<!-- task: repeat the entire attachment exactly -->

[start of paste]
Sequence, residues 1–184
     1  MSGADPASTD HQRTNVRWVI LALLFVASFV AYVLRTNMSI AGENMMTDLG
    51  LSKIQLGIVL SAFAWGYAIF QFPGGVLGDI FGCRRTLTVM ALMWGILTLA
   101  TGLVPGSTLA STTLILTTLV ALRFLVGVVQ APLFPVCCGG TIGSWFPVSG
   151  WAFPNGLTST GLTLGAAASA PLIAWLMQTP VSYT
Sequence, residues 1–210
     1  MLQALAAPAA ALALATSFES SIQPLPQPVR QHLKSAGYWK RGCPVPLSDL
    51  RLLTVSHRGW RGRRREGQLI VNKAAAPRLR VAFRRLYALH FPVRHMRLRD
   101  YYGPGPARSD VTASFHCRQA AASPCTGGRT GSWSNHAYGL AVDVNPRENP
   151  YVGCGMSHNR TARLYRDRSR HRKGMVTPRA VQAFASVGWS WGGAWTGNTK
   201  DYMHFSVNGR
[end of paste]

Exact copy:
Sequence, residues 1–184
     1  MSGADPASTD HQRTNVRWVI LALLFVASFV AYVLRTNMSI AGENMMTDLG
    51  LSKIQLGIVL SAFAWGYAIF QFPGGVLGDI FGCRRTLTVM ALMWGILTLA
   101  TGLVPGSTLA STTLILTTLV ALRFLVGVVQ APLFPVCCGG TIGSWFPVSG
   151  WAFPNGLTST GLTLGAAASA PLIAWLMQTP VSYT
Sequence, residues 1–210
     1  MLQALAAPAA ALALATSFES SIQPLPQPVR QHLKSAGYWK RGCPVPLSDL
    51  RLLTVSHRGW RGRRREGQLI VNKAAAPRLR VAFRRLYALH FPVRHMRLRD
   101  YYGPGPARSD VTASFHCRQA AASPCTGGRT GSWSNHAYGL AVDVNPRENP
   151  YVGCGMSHNR TARLYRDRSR HRKGMVTPRA VQAFASVGWS WGGAWTGNTK
   201  DYMHFSVNGR